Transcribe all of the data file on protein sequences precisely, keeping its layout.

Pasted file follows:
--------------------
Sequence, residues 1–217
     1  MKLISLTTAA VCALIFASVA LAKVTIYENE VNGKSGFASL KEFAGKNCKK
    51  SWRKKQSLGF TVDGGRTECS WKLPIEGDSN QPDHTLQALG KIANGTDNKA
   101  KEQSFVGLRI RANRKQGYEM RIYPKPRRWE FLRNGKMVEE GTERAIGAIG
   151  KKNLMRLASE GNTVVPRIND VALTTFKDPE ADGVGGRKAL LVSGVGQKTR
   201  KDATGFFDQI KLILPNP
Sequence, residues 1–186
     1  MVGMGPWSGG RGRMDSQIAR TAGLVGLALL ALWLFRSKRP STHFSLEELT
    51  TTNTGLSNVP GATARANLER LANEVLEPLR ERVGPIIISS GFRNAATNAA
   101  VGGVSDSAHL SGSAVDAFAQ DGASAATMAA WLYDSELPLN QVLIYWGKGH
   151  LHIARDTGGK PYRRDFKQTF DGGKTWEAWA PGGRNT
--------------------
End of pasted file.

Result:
Sequence, residues 1–217
     1  MKLISLTTAA VCALIFASVA LAKVTIYENE VNGKSGFASL KEFAGKNCKK
    51  SWRKKQSLGF TVDGGRTECS WKLPIEGDSN QPDHTLQALG KIANGTDNKA
   101  KEQSFVGLRI RANRKQGYEM RIYPKPRRWE FLRNGKMVEE GTERAIGAIG
   151  KKNLMRLASE GNTVVPRIND VALTTFKDPE ADGVGGRKAL LVSGVGQKTR
   201  KDATGFFDQI KLILPNP
Sequence, residues 1–186
     1  MVGMGPWSGG RGRMDSQIAR TAGLVGLALL ALWLFRSKRP STHFSLEELT
    51  TTNTGLSNVP GATARANLER LANEVLEPLR ERVGPIIISS GFRNAATNAA
   101  VGGVSDSAHL SGSAVDAFAQ DGASAATMAA WLYDSELPLN QVLIYWGKGH
   151  LHIARDTGGK PYRRDFKQTF DGGKTWEAWA PGGRNT